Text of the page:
Hong Kong’s Department of Justice (DoJ) has lost an appeal against the High Court’s decision to let a UK barrister represent media tycoon Jimmy Lai in his upcoming high-profile national security trial.

Timothy Owen KC
Timothy Owen KC. Photo: Matrix Chambers.

In a written judgement released on Wednesday, a three-judge High Court panel made up of Susan Kwan, Carlye Chu and Thomas Au backed an earlier ruling that there was a “clear case” for allowing King’s Counsel Timothy Owen to represent Lai. The judgement said the case would attract “substantial publicity locally and abroad,” and that “public perception of fairness in the trial is of vital importance to the administration of justice.”

King’s Counsels are the British equivalent of senior counsels in Hong Kong and require permission to be allowed to represent clients in the city’s courts.

The court’s ruling is the latest development in a saga of twists and turns involving plans to hire Owen for Lai’s case. In September, the justice secretary and the Hong Kong Bar Association opposed Owen’s application. The High Court then allowed the hiring, calling it “clearly in the public interest.”

Jimmy Lai
Jimmy Lai. Photo: HKFP.

Following that, the government appealed against the decision on the grounds that Owen did not have the expertise or experience related to the national security law.

According to Wednesday’s written judgement, Owen is a specialist in criminal, public and human rights law. He has appeared before Hong Kong’s courts as well as courts in other jurisdictions.

‘Non-Chinese literate’

One point of contention surrounding approving Owen’s appointment was language.

While overseas counsels have been allowed to conduct cases involving the Basic Law, Hong Kong’s mini constitution, Senior Counsel Benjamin Yu – representing the Department of Justice – said the “national security law situation is very different.”

Bernard Man, speaking on behalf of the Bar Council of the Hong Kong Bar Association, said the language of the national security law would “best be advanced” by a Cantonese-speaking counsel.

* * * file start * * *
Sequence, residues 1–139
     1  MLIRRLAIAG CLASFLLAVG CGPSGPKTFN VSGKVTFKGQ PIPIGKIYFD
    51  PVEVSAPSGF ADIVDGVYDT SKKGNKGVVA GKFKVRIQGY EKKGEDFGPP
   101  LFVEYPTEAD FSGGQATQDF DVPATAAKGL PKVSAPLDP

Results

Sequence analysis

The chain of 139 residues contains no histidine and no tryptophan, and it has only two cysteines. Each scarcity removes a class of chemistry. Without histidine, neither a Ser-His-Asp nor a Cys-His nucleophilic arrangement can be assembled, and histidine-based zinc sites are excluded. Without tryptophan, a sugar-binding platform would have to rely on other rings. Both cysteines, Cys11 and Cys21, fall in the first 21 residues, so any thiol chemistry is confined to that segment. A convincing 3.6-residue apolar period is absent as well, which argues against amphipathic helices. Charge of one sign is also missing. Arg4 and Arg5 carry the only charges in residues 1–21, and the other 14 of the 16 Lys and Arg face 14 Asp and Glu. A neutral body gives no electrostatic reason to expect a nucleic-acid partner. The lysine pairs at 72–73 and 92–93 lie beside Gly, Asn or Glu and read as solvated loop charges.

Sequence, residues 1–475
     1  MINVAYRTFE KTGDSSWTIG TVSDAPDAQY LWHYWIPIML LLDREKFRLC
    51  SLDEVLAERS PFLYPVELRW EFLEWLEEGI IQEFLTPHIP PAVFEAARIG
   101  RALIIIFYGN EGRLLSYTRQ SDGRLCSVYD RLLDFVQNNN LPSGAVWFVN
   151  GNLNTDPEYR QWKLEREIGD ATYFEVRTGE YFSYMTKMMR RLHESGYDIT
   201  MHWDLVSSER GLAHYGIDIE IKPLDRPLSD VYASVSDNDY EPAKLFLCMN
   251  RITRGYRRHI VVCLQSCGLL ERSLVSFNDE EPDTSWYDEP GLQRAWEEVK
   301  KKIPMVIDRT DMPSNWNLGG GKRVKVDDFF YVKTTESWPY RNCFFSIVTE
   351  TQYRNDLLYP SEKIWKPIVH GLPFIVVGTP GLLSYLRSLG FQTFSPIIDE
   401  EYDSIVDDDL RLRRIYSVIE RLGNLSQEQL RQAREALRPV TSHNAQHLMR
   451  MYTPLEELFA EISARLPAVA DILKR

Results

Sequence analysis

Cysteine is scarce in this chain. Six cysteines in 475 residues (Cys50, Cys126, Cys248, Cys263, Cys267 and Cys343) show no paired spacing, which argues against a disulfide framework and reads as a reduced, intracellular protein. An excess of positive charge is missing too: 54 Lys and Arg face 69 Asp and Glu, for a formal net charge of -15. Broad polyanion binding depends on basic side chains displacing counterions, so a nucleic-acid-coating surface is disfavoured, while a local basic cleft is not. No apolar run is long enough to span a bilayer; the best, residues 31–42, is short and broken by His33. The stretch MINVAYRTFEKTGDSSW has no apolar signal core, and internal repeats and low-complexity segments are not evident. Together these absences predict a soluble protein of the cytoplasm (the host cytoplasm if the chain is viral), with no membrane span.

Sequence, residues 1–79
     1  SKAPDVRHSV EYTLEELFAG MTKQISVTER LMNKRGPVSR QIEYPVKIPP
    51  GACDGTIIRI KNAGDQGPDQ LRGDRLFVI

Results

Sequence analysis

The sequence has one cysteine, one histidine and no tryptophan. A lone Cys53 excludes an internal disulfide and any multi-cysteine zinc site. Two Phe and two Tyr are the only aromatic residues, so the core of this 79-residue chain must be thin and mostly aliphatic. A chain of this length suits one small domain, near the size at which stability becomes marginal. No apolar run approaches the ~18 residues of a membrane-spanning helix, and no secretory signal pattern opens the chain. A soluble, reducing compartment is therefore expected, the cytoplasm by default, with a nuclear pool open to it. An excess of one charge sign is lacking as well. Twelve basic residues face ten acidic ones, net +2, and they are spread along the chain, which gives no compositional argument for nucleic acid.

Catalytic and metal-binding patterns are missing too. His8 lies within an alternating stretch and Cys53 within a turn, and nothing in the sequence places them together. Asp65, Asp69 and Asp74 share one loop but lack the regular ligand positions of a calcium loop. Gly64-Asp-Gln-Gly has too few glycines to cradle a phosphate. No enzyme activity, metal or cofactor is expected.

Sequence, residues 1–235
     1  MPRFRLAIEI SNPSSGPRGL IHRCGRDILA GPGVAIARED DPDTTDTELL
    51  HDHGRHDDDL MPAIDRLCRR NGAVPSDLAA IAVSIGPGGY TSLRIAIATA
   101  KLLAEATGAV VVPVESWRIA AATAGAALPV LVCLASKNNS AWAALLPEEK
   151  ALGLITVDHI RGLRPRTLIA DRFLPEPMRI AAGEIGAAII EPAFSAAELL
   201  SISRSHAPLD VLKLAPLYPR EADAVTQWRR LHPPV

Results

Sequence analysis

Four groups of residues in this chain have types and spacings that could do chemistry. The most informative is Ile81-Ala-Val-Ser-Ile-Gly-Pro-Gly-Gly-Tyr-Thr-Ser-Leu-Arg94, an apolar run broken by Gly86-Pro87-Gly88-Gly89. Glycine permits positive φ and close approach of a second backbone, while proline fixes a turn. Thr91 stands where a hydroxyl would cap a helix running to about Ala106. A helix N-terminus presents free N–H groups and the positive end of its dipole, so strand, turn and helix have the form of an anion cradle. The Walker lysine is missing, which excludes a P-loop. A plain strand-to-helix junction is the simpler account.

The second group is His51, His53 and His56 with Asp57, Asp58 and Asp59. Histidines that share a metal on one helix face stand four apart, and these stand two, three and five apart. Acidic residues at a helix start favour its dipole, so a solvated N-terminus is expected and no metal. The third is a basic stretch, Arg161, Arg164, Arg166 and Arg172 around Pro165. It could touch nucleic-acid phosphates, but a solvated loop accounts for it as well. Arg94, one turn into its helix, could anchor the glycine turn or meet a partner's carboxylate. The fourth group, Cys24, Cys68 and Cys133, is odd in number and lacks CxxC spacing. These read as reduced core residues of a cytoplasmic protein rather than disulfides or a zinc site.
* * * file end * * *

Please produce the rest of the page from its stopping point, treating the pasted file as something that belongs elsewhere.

High Court
High Court. Photo: Kelly Ho/HKFP.

In response, the High Court judges said in Wednesday’s ruling they saw “no reason to think that the national security law would be very different from the Basic Law in terms of drafting technique and language usage.”

“What has worked in overseas admissions for the Basic Law should work equally in an overseas admission for the national security law,” the judgement read, adding that “non-Chinese literate” judges have been designated for national security cases.

“It seems to us the linguistic aspect… is played up out of proportion,” it added.

Human rights to be ‘respected’

The three-judge panel also rebutted the government’s argument that the admission of an overseas counsel would not provide much assistance in “delineating the scope of an offence under the national security law.”

The judgement cited the national security law, stating that human rights should be “respected and protected” while safeguarding national security.

‘Human rights have an international law dimension,” the judges wrote.

Lai, who has been in remand since December 2020, is facing three national security offences: two counts of conspiracy to collude with foreign countries or external elements, and one count of collusion with foreign forces.

Department of Justice
Department of Justice. Photo: GovHK.

He is also accused of one sedition offence: conspiracy to print, publish, sell, offer for sale, distribute, display and/or reproduce seditious publications.

The trial is scheduled to begin on December 1, while six other defendants in the case, who were former employees of Apple Daily or its parent company Next Digital, have pleaded guilty, and will appear in court on November 22.

Three companies linked with the defunct newspaper, Apple Daily Limited, Apple Daily Printing Limited, AD Internet Limited, will also stand in the trial.

Additional reporting: Candice Chau

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Hillary has an interest in social issues and politics. Previously, she reported on Asia broadly - including on Hong Kong's 2019 protests - for TIME Magazine and covered local news at Coconuts Hong Kong.